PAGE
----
300x250 SPS CAR HIRE.jpgW300-x-H250-KUNINI-BANNER-e.gifPATTAYA-ESTATES-RENTALS.jpgST-ANDREWS.jpg300x250AdvertiseHerejpg.jpg

How will the trade war between US and China affect your investment portfolio?


When Donald Trump came to power last year he brought with him an ambitious list of goals, including; building a wall between the US and Mexico, preventing some ethnic groups from entering the US, reforming corporate tax, withdrawing the US from climate pacts and addressing the trade deficit with China. He wanted to drain the swamp and fight the status quo -  a rebel if you will. He promised to shake things up and has recently been doing just that, by pursuing his protectionist agenda - much to the dismay of global markets. The threat of a so called ‘trade war’ is rising, and the main target of Trump’s opening salvos – China – can and will strike back.

The US currently runs a trade deficit of around $375 billion USD with China on an annual basis, with goods such as consumer electronics streaming into the US from Chinese factories, produced at lower cost thanks to cheaper labour and cost of input. Their consumer-heavy economy relies on these goods being affordable for the average household. The relationship, seemingly lopsided in China’s favour, works both ways as US goods do also flow to China, ranging from soya beans to passenger aircraft. Despite this, Trump’s White House is not happy with either the trade balance deficit, which it says is costing the US jobs, or an alleged intellectual property theft that China is also being accused of.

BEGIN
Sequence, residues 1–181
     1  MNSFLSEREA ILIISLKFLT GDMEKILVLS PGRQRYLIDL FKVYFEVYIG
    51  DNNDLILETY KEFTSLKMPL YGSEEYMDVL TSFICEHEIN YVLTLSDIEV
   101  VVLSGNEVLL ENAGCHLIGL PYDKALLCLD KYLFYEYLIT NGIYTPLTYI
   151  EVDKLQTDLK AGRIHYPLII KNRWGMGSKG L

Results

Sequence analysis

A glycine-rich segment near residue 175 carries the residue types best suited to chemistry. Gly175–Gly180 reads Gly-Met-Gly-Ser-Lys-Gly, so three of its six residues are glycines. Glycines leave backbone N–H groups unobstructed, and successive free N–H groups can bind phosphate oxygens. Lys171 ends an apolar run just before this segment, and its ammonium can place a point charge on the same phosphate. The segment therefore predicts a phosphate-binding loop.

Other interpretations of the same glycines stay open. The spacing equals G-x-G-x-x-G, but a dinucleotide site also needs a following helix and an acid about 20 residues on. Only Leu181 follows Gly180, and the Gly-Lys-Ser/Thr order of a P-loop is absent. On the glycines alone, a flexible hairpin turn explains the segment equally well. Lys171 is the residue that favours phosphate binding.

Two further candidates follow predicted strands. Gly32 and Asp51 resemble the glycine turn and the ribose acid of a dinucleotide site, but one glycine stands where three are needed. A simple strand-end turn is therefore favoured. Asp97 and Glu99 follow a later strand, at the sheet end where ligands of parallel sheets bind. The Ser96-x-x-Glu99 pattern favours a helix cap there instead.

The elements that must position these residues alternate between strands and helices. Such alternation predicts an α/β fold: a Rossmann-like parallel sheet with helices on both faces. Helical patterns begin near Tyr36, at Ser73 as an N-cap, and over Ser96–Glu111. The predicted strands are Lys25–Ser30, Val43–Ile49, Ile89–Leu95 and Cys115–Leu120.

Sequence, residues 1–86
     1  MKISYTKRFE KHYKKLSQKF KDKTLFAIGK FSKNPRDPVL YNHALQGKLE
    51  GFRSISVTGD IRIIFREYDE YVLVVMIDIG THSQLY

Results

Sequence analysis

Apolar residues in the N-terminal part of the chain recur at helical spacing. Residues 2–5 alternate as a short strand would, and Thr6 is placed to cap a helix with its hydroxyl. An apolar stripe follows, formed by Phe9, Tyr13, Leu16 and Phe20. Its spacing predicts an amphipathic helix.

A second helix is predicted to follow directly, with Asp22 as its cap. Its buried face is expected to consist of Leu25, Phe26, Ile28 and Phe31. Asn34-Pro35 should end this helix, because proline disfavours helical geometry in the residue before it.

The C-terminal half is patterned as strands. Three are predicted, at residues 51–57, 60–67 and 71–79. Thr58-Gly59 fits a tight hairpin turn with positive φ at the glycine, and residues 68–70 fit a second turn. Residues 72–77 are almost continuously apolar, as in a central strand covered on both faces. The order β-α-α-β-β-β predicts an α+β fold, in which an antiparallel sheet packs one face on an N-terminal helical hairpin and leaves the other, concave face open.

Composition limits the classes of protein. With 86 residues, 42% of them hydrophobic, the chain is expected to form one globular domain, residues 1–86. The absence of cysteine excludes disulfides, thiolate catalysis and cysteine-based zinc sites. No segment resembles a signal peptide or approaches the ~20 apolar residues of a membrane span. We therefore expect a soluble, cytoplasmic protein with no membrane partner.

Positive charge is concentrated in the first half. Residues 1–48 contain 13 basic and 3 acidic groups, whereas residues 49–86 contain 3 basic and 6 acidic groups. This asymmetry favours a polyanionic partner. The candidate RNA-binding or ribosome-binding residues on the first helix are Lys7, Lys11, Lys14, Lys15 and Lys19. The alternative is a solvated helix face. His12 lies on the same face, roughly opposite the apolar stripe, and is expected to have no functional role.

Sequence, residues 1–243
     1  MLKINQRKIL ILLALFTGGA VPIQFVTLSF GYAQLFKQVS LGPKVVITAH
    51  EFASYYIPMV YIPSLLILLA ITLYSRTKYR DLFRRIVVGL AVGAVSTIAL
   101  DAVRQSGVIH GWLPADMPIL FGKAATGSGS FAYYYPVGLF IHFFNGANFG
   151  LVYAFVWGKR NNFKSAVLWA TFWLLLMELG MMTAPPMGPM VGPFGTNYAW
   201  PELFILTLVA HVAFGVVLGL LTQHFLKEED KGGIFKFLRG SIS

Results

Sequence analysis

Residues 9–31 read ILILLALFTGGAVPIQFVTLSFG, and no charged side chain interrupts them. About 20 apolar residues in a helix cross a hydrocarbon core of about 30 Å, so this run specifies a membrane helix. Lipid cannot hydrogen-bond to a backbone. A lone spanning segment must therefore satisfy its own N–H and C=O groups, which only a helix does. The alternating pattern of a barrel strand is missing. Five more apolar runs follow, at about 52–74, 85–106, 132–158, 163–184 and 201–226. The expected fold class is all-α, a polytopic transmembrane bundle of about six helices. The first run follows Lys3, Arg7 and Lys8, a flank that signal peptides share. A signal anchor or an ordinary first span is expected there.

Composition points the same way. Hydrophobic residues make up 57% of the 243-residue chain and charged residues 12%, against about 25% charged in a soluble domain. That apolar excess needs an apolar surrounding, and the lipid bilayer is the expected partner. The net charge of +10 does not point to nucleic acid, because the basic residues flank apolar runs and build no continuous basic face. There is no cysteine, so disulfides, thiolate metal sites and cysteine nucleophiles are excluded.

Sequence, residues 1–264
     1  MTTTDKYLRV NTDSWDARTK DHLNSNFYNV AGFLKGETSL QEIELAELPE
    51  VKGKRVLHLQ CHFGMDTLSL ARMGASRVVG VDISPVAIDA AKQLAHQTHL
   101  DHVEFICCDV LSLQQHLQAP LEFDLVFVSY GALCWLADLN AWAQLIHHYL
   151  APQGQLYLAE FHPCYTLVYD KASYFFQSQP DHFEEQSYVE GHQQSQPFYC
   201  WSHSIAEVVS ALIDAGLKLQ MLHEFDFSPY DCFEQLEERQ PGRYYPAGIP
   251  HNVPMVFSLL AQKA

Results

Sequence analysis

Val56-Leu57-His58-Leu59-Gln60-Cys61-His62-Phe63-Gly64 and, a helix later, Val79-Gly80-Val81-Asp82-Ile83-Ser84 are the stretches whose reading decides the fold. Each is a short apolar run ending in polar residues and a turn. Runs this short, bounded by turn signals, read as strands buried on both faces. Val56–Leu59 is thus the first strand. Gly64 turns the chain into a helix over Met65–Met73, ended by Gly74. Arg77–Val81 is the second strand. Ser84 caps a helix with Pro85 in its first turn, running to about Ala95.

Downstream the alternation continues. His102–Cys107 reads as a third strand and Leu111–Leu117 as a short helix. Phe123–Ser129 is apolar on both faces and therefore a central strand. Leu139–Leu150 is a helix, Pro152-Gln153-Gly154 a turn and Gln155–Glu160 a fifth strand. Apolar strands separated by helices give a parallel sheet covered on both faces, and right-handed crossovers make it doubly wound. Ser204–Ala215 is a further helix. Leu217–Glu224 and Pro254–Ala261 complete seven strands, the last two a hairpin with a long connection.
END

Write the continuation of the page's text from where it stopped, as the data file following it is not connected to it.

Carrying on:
At the beginning of March, Trump’s first move was a scatter-gun effect, a threat that would affect all US trading partners. He announced the intent to impose 25% and 15% tariffs on the imports of steel and aluminium respectively, potentially affecting Canada, Japan, China and many European countries, amongst others. In swift succession, the affected countries threatened retaliation, should he press ahead with his measures. Having been recently harrowed by a global correction in February, markets were already on edge and once more headed into the red. On this threat, Japan’s Nikkei 225 index fell around 2.5% on the news alone. European markets followed suit and US markets themselves took a 1.5% lurch downwards. A key downside risk identified during Trump’s election campaign was being brought to life – the risk of US protectionism – and more was to follow.